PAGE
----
I will admit candidly that I was a little anxious to know how I came out and
could hardly wait for the issue of the Star-Sayings containing the list of
winning numbers. When I saw 98,455-$600,000, I looked at one of my tickets.
There it was in plain figures. I will say that I didn't eat much breakfast.
My wife was a little nervous herself and I took good notice I didn't get any
lecture either. It was my victory. I went ot the American Exchange bank,
where I was acquainted and through it obtained the $15,000. I have the money
and my wife is with me in saying the Louisiana State Lottery is a great and
honest institution. If a man's health is ailing he forgets his ailments
under the happy anticipation of winning something whether he does or
not.-St. Louis Star-Sayings, January 3

HOFFMAN. In this city, Monday, Jan. 27, at 10 o'clock, p.m., Mrs. Amelia B.
HOFFMAN, widow of Col. H.B. HOFFMAN.
Funeral Thursday, Jan 30, at 10:30 o'clock a.m. from the residence on Brady

Sheriff LEONARD took possession of EKLUND's jewelry store on Brady street
last evening. He has numerous creditors most of whom are Chicago men. This
is the third time EKLUND has failed.

Yesterday afternoon Herman HASEL who was married to Caroline HASEL in this
city on the 20th of April 1870, was granted a divorce by Judge WATERMAN.
HASEL stated to the court that his wife deserted him on the day of their
marriage and has absented herself ever since.

In the case of Anna PULS against Marie WELLER, a suit for $1,000 damages for
slander, the jury on Monday returned a verdict for the plaintiff for $50.
The defendant in the case agreed to settle with the plaintiff for $75 before
the case came to trial, but she as hopeful of receiving twice that amount
when the case was tried and refused to settle.

Frank McCULLOUGH, who resides at 1110 Perry street, met with an accident
yesterday afternoon. He was driving along Third street in a cart and when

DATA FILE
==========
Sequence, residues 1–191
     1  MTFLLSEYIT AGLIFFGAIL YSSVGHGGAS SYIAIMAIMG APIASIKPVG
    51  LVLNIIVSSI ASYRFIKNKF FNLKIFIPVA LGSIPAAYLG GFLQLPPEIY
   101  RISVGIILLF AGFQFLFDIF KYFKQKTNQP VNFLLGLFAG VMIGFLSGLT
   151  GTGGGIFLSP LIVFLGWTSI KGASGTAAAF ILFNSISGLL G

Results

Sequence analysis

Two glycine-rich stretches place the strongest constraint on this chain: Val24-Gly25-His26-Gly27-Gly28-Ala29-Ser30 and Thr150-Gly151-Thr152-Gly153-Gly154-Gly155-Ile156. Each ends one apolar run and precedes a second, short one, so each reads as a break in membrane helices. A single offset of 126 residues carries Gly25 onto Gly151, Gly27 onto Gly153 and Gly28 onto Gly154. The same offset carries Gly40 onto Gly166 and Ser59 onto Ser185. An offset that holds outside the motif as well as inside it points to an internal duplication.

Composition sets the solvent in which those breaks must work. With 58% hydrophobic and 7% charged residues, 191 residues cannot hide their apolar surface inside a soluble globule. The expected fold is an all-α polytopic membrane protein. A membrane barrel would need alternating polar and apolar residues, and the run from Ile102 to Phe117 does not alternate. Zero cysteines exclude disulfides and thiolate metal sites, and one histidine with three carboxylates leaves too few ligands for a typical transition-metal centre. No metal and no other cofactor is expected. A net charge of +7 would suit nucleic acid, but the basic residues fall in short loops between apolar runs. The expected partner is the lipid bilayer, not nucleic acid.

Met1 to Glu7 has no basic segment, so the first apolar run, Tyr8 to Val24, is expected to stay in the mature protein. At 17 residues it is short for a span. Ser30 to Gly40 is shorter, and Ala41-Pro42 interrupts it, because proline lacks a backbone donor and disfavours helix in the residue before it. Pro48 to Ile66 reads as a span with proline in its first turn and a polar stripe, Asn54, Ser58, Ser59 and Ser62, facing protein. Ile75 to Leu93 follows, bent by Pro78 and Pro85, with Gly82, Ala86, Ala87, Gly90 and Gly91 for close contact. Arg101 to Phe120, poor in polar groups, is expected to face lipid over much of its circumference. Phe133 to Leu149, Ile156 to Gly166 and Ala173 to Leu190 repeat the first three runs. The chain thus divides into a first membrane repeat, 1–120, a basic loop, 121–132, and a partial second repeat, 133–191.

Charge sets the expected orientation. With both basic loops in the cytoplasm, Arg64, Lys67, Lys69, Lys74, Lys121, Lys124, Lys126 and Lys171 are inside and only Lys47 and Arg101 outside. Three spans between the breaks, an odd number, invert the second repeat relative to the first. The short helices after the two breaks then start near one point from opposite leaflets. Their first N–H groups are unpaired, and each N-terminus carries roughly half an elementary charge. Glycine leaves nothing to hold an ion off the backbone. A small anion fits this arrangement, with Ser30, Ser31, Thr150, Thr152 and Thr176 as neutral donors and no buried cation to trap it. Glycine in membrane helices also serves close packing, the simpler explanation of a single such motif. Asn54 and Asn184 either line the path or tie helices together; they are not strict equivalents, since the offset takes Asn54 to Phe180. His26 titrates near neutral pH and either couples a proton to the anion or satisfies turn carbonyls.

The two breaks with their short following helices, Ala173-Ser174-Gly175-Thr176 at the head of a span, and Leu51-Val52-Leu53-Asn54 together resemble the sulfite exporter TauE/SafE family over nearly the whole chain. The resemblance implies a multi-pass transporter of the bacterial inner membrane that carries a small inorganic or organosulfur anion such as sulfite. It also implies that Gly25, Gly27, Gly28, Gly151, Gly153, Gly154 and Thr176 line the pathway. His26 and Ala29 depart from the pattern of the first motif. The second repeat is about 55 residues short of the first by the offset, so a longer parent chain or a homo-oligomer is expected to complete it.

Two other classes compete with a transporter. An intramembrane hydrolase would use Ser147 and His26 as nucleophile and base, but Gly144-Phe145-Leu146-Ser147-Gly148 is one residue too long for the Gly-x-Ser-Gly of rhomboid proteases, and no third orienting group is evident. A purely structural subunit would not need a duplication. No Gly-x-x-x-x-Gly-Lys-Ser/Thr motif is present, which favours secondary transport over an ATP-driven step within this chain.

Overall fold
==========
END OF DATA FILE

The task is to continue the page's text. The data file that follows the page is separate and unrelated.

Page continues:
near the corner of Harrison, hsi horse slipped on the paving and fell and
Mr. McCULLOUGH was thrown from his seat to the paving, sustaining a sprained
wrist and a cut over one of the eyebrows. He was picked up and taken home.
His injuries, however, are not serious.

Sealed bids for oats for the police and fire department of this city for the
year 1890, delivered when and where ordered. Bids will be received at Hose
house No. 1, on or before Tuesday, February 4th, 2 o'clock p.m. Address to
fire and water committee.
Thos. H. RATH
Wm. KLEIN, committee.

Davenport Democrat
Davenport, Scott Co, Iowa
29 Jan 1890

At an early [hour] this morning occurred the death of Miss Alice Frances
WEBBER, daughter of the late C.T. WEBBER, at hte home of her mother in Rock
Island. She was a talented and cultured young lady, the center of a large
circle of friends, and prominent in the society of the three cities. She
wasa niece of Chas. DEERE of Moline and a sister of Mrs. T.A. MURPHY of this
city. Her death was caused by pneumonia resulting from the influenza, from
which she suffered for about a week. The hour of the funeral is not known at
this writing.

Information comes from Buffalo of the death at his home, near Montpelier of
Chas. HUERSMANN, aged 49. The funeral will be held under the direction of
Buffalo Lodge. No. 72, A.O.U.W., but the day is not known.

The infant son of Mr. and Mrs. Claus HORST died yesterday at their home, 725
Perry street, of convulsions. It was but a few days of age and very

Peter ECKER.
At Rock Island also occurred the death of Peter ECKER this morning. He was
66 years of age and came to that place in 1856.

R.R. HENDERSON and family have moved to Davenport from Burlington, arriving
this morning.
F.L. WOLF of Chicago, traveling representative of the Monon line, was in the
city yesterday.
Dr. PARRY is resting more comfortably this afternoon, but is weaker and
visibly failing. He now suffers no pain, and the end will probably come to
him in peace and quiet.

The District Court.
The jury in the case of O'KEEFE against the Times company for libel brought
in a sealed verdict this morming for the defendant. A motion for a new trial
is to be made by the plaintiff.

A Wedding is High Life at the Cathedral Yesterday.

The Rev. C.K. WITHERSPOON and Mrs. Isabella MORONY will be married on Jan.
28 at high noon. The weddin is t obe a very quiet one. Immediately after the
ceremony they will leave for the east, returning to Omaha in about six
weeks.-Omaha Excelsior.

The marriage above referred to took place in Trinity Cathedral yesterday in
the presence of a large assembly of friends, at hte appointed hour, the Very
Rev. Charles H. GARDER, the dean performing the ceremony, the Rev. H.L.
GAMBLE of Lyons, Iowa, acting as best man.
We are glad to learn that Mr. WITHERSPOON and family are soon to move to
this city, he having accepted the position of convocational missionary in
the eastern convocation of the Episcopal diocese in this state.

Remember is being sold at and below cost at John BERWALD's

To the many friends who showed us unlimited kindness during the illness of
our beloved one, John T. GRENVILLE, and especially to the principal,
teachers and pupils of school No. 1 and the members of the Baptist church,
whose hands were outstretched to aid us, we desire to express our undying